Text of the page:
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Bronze Age Battlefield Video

So Lindeybeige just uploaded a video about a possible Bronze Age Battlefield that has been uploaded.

Aside from being quite interesting for anyone interested in the subject, and possibly of interest for a future expansion it’s got me thinking: I am unaware of any archaeological sites that are currently interpreted as Neolithic battle-sites. This isn’t entirely unexpected, as has been covered in other threads Neolithic warefare probably very very very rarely resulted in anything we’d recognise as a “battle” due to the way we think warfare occurred in those times. But I’ve started wondering: Do we actually have any finds of “military” equipment from the Neolithic either Photographic or actual finds?

Almost everything I’m aware of in this field comes (at the earliest) out of the Bronze Age. Although for some things (eg Boars Tusk Helmets as found in Mycenaean sites, or even something as basic as a shield) we can say “well they could have made something like this.” I’m hoping someone can provide evidence of actual usage.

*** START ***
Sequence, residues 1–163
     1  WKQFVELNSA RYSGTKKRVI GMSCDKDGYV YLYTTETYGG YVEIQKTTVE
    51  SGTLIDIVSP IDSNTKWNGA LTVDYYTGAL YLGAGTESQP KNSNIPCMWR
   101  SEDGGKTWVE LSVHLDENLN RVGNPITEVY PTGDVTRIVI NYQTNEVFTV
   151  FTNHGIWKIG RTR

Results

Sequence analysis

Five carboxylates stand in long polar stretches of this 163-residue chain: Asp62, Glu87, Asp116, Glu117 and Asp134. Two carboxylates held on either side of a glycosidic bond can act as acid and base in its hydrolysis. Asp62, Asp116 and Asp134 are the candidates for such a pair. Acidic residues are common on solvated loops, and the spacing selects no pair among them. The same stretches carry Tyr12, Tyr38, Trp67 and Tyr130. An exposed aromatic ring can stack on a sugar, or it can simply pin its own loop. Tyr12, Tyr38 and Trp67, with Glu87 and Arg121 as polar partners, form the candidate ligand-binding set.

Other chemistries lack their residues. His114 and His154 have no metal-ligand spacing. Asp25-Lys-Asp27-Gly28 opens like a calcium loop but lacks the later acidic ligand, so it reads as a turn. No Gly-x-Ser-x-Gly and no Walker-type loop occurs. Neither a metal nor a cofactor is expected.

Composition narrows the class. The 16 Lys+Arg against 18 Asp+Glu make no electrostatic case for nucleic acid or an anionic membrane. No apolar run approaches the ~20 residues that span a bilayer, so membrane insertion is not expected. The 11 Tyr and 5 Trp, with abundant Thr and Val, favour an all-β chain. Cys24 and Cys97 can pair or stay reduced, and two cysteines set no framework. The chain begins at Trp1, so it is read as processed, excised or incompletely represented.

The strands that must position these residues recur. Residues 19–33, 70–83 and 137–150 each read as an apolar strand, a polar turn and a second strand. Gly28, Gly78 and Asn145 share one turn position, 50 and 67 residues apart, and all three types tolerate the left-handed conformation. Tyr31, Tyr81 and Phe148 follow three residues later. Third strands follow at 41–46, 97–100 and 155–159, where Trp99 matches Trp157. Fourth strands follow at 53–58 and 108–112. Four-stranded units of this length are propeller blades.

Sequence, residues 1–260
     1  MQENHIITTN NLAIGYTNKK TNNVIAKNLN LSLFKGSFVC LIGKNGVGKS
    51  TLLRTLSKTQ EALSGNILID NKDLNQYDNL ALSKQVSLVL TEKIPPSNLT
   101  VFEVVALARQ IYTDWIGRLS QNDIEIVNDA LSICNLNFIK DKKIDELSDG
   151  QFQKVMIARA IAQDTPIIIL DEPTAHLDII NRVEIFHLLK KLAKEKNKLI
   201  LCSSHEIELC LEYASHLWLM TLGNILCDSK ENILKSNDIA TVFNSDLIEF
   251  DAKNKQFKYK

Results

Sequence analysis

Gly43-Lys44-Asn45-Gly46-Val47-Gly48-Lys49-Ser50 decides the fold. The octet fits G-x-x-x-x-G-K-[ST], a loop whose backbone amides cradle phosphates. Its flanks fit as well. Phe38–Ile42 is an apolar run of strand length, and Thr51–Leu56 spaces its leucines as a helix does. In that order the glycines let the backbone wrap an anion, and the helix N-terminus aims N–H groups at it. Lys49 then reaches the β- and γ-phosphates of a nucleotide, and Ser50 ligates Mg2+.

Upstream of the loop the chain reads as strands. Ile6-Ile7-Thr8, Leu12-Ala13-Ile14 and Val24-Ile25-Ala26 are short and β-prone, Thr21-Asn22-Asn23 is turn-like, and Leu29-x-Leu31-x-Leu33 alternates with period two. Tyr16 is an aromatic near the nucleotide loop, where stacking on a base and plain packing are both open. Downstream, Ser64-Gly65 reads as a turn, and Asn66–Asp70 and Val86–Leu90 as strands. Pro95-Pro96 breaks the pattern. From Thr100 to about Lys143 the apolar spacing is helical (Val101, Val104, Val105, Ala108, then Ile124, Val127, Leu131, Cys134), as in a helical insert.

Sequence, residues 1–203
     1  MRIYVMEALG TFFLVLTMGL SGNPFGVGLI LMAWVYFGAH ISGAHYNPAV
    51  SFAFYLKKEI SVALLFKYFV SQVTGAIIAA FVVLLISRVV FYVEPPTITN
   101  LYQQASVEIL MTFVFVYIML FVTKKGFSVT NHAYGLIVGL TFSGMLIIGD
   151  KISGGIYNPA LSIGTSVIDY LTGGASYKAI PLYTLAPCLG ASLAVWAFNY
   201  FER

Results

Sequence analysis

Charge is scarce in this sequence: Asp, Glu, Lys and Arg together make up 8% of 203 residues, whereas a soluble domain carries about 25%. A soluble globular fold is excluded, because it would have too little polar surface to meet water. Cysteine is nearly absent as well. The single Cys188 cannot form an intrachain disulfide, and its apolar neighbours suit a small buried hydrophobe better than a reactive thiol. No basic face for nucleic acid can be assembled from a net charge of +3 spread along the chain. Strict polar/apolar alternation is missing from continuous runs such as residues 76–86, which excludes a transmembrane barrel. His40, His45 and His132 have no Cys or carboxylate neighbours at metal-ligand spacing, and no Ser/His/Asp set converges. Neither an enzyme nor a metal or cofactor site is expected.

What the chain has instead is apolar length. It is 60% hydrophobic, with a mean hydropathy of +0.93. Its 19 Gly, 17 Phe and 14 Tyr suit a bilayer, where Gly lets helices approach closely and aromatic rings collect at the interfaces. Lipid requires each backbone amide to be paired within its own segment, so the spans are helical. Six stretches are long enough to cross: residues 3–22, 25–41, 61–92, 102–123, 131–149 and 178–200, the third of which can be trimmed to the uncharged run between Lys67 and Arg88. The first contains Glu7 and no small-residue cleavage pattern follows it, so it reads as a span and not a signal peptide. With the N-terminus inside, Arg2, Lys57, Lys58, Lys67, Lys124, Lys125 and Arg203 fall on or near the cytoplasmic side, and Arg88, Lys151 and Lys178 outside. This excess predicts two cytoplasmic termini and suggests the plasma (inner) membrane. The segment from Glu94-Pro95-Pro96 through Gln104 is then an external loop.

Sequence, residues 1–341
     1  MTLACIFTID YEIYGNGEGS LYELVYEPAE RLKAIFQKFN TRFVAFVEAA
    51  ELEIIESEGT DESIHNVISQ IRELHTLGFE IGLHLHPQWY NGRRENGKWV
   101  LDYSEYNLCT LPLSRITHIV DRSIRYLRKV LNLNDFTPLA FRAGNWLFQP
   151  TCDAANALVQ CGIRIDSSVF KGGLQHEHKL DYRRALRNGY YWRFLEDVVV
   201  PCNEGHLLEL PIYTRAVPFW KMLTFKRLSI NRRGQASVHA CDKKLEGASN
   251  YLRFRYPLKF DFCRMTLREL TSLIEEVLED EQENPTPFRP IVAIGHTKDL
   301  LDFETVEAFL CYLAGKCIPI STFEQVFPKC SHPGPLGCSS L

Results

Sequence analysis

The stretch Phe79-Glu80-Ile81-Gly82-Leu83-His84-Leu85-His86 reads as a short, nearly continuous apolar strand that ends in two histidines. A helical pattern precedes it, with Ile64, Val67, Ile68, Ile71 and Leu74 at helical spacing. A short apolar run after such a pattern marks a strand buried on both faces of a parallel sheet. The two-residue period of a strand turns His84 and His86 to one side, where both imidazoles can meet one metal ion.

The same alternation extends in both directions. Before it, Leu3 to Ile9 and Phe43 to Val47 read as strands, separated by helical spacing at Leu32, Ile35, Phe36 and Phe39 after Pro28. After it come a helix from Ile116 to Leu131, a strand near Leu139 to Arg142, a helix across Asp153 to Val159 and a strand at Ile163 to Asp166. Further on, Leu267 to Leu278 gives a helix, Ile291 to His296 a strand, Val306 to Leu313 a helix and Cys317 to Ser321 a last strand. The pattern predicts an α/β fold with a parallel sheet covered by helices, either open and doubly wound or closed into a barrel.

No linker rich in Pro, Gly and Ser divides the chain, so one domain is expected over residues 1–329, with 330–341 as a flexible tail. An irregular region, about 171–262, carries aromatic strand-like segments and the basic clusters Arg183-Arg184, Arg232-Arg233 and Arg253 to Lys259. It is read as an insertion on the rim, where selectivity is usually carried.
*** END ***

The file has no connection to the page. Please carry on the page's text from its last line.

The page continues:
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Axes, adzes, bows, spears… all that can be also a very effective weapon.
Battlefields remains usually require big battles, but big battles is something I can’t imagine in Neolithic times, mostly raids where the less prepared people just run away.

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I can give you a little bit of information about wounds based on the information I got back from the doctor I hired to answer my Neolithic wounds prognosis questions LOL They very specifically involve what would happen in a raid but they’re limited to only the specific case examples I gave.